In November 2018, GE CEO Larry Culp told David Faber in a CNBC interview with respect to finding a bottom in the Power business: "We will know when we’re there."
GE shares were up more than 10% following the company’s Q4 earnings, prompting the question: are we there? The overall company-level analysis pointed to much-needed stabilization, but Q&A commentary on the Power segment still lacked a concrete path to improvement.
Please note: This in no way represents investment advice. All transcript text provided by S&P Global Market Intelligence.
The outlook commentary lacked new negatives and helped drive a slight uptick in the Amenity Score to -4 compared to -10 in 3Q (see Exhibit 1). In addition our NLP platform showed that there was a significantly more constructive tone in the earnings call than in the 11/12/18 CNBC interview. However, on an absolute basis GE is still looking up at most of its Industrial peers (see Exhibit 2).
"We expect industrial organic revenue growth to be up low to mid-single digits on the back of a significant ramp in renewables and continued strength in Aviation and Healthcare. Power will be down in a flat to slightly down market in 2019. We also expect our industrial operating margins to expand."
GE’s Power segment has been a well-documented sore spot for several quarters. Consequently, much of the Q&A was dominated by discussion of the outlook for Power and when it might bottom. Amenity’s Deception Analysis flagged several answers about Power that were vague, indirect, and far from conclusive as to when results would bottom. A recent MarketWatch article highlighted similar commentary leveraging Amenity's NLP platform on GE's 3Q earnings call.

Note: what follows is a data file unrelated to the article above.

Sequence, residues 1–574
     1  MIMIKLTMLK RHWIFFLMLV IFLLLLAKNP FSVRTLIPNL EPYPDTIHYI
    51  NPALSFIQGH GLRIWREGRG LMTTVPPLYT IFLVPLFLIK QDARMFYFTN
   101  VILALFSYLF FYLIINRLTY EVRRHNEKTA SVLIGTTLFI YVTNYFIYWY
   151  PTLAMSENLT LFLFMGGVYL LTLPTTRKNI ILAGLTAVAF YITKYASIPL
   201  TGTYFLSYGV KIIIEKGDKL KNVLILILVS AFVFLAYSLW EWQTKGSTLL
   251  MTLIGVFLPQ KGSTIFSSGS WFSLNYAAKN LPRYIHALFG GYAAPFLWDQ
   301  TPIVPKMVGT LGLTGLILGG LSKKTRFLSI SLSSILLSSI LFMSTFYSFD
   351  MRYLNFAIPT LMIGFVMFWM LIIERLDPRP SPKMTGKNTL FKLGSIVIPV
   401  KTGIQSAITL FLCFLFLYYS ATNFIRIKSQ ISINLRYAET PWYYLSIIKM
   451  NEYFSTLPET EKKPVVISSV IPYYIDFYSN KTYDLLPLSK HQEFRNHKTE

"So clearly, we’re at a break even from our P&L perspective, absent of the charges, a lot of work to do here and as we have better visibility and more conviction around those improvements, we’ll be back and we’ll be back here soon with respect to how that plays out in ’19 and ’20."
"So as we mentioned before, we had adjustments for utilization, some on pricing pressure,and then just standard cost updates."
"Having said that, we wanted to make sure we had a realistic view of how we saw the portfolio when we went through these reviews."
"I would say we are in the very early innings relative to the turnaround at Power. I don’t know how else to frame it."
"With respect to the margin pressure, generally, I should say pricing pressure, these are very competitive markets that have a lot of capacity. So I think that dynamic will continue as we go through the next couple of years and until the market levels out and until we see the capacity leveling out as well."
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Transcript text provided by S&P Global Market Intelligence.
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